Just in time for the global enforcement of so-called “social distancing,” engineering and robotics firm Boston Dynamics has unveiled a new robot “dog” that it says can herd sheep without the need for an actual human shepherd.
Known as “Spot,” the yellow and black tech marvel can traverse pastures and herd sheep remotely with ease, eliminating the need for human supervision. And the only fuel it requires is electricity, with no need for a paycheck.
In a video shared by robotics software company Rocos, Spot is seen marching through a pasture in New Zealand showing off its programmed “skills.”
Not only can Spot herd sheep, it can also help with honing what is known as precision agriculture. The robot mechanism can scan orchards, as one example, to determine which fruit is ripe as well as how much of it there is going to be.
“Robots, like Spot from Boston Dynamics, increase accuracy in yield estimates, relieve the strain of worker shortages, and create precision in farming,” reads a YouTube description of the robot’s abilities.
Equipped with real-time mapping technologies, infrared cameras, and various other advanced sensory equipment, Spot has the potential to revolutionize the future of agriculture. It also, conveniently enough, makes a great spying and surveillance tool in the age of the Wuhan coronavirus (COVID-19).
Already, the Spot robot has been used to “assess” patients as well as remind people in public parks to stay at least six feet apart from one another. When actual humans are not present to keep the human “herd” obedient to the government’s decrees, in other words, Spot can help fill that gap.
Another use for these types of robots is to replace actual human workers at food establishments such as coffee shops. This is reportedly taking place in South Korea, where robot baristas are now making and serving people coffee.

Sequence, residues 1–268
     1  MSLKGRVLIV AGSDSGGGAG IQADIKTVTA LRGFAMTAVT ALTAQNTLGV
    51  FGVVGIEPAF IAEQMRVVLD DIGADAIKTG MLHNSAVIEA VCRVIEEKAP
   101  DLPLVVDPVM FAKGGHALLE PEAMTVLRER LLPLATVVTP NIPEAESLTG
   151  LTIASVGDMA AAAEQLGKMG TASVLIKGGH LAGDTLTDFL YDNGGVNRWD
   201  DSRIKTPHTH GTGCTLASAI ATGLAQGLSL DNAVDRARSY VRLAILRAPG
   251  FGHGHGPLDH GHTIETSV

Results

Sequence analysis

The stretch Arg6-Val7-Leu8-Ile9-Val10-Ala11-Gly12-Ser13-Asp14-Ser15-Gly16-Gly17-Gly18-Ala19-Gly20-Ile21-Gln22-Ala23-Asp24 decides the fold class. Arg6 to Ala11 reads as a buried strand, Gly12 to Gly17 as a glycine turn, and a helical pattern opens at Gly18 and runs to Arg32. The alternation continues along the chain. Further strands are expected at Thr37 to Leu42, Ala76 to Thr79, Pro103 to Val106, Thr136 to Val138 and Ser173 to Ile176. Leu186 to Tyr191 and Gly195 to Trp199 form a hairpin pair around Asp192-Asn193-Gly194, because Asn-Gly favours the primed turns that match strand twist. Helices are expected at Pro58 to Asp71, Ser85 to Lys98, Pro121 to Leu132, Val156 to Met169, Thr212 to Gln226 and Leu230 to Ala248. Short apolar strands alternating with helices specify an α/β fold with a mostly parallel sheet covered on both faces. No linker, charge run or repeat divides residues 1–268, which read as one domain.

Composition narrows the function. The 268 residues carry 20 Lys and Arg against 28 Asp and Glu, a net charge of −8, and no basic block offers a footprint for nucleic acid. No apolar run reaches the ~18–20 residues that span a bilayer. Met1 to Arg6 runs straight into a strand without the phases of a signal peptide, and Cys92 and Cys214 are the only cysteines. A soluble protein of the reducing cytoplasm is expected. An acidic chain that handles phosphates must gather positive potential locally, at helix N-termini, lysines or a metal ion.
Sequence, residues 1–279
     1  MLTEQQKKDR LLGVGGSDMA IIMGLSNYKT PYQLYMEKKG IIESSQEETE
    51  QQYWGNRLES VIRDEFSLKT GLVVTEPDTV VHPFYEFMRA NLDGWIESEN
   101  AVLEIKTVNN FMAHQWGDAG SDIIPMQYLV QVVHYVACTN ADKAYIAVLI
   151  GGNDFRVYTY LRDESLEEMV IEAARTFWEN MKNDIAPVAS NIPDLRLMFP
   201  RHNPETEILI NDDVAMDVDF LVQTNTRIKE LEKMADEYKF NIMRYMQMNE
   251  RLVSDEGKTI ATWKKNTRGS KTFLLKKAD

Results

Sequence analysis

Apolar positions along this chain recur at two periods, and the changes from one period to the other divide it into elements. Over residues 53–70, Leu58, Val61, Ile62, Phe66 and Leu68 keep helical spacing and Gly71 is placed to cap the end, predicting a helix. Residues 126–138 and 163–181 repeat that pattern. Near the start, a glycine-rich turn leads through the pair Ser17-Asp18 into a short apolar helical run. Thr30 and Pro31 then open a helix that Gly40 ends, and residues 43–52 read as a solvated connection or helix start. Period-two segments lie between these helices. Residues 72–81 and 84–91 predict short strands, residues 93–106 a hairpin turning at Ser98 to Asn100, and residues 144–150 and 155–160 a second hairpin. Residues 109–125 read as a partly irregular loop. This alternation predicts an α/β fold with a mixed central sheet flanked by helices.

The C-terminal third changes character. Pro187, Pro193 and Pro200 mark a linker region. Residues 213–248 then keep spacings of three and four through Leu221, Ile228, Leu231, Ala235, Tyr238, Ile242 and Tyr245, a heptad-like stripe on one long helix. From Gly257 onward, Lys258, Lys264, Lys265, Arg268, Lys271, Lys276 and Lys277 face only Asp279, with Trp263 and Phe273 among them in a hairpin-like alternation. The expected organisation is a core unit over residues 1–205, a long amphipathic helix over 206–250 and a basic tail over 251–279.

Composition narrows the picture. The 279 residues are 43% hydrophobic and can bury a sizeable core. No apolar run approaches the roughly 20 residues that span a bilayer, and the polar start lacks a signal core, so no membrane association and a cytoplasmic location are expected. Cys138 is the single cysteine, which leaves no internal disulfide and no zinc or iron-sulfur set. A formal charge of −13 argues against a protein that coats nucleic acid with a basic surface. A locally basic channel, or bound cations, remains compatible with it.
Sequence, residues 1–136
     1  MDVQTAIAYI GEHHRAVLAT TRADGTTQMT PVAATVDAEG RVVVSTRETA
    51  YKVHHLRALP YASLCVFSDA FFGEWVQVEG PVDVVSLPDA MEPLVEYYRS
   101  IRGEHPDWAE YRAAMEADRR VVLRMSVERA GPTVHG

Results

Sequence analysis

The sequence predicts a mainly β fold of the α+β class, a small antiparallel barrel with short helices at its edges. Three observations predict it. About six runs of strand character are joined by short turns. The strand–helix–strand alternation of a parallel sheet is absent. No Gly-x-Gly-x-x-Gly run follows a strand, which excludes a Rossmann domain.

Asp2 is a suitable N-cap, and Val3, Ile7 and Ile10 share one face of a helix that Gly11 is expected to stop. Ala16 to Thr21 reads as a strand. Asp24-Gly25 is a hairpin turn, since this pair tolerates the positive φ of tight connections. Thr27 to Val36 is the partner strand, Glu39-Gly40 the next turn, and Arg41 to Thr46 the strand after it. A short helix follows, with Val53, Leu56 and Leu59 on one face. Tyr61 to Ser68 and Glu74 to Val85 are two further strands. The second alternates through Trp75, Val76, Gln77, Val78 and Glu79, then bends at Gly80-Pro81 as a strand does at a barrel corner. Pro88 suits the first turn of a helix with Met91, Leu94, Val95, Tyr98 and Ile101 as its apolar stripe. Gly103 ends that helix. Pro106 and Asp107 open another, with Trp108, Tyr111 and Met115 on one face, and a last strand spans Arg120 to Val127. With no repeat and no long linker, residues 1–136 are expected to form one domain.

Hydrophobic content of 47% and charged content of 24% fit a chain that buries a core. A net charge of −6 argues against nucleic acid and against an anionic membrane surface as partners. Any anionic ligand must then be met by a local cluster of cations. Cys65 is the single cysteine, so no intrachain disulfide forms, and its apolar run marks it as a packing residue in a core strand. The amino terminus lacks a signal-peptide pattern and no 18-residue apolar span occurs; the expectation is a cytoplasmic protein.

With the ability to make upwards of 60 different types of coffee drinks, South Korean barista robots have all but completely replaced the human staff at one café which now requires only one human employee to be present inside the store.
“Here is your Rooibos almond tea latte – please enjoy,” the robot reportedly said to one customer while serving her what she ordered on a computer-programmed tray. “It’s even better if you stir it.”
Perhaps this was the plan associated with this plandemic all along: to permanently remove even more human workers from the workforce and replace them all with soulless robots, none of which require breaks, benefits, or pay.
“Our system needs no input from people from order to delivery, and tables were sparsely arranged to ensure smooth movements of the robots, which fits well with the current ‘untact’ and distancing campaign,” says Lee Dong-bae, director of research at Vision Semicon, a “smart” factory solution provider that helped develop the barista robot.
By the end of 2020, Vision Semicon hopes to supply another 30 cafes with these types of robots, which means more South Koreans will be out of work. Perhaps they can learn how to keep the robots properly maintained to ensure that they do not harm customers as they wheel themselves around their assigned establishments.
“Robots are fun and it was easy because you don’t have to pick up your order,” a 23-year-old student from South Korea told Business Insider. “But I’m also a bit of worried about the job market as many of my friends are doing part-time jobs at cafes and these robots would replace humans.”
To keep up with the latest news about the Wuhan coronavirus (COVID-19), be sure to check out Pandemic.news.
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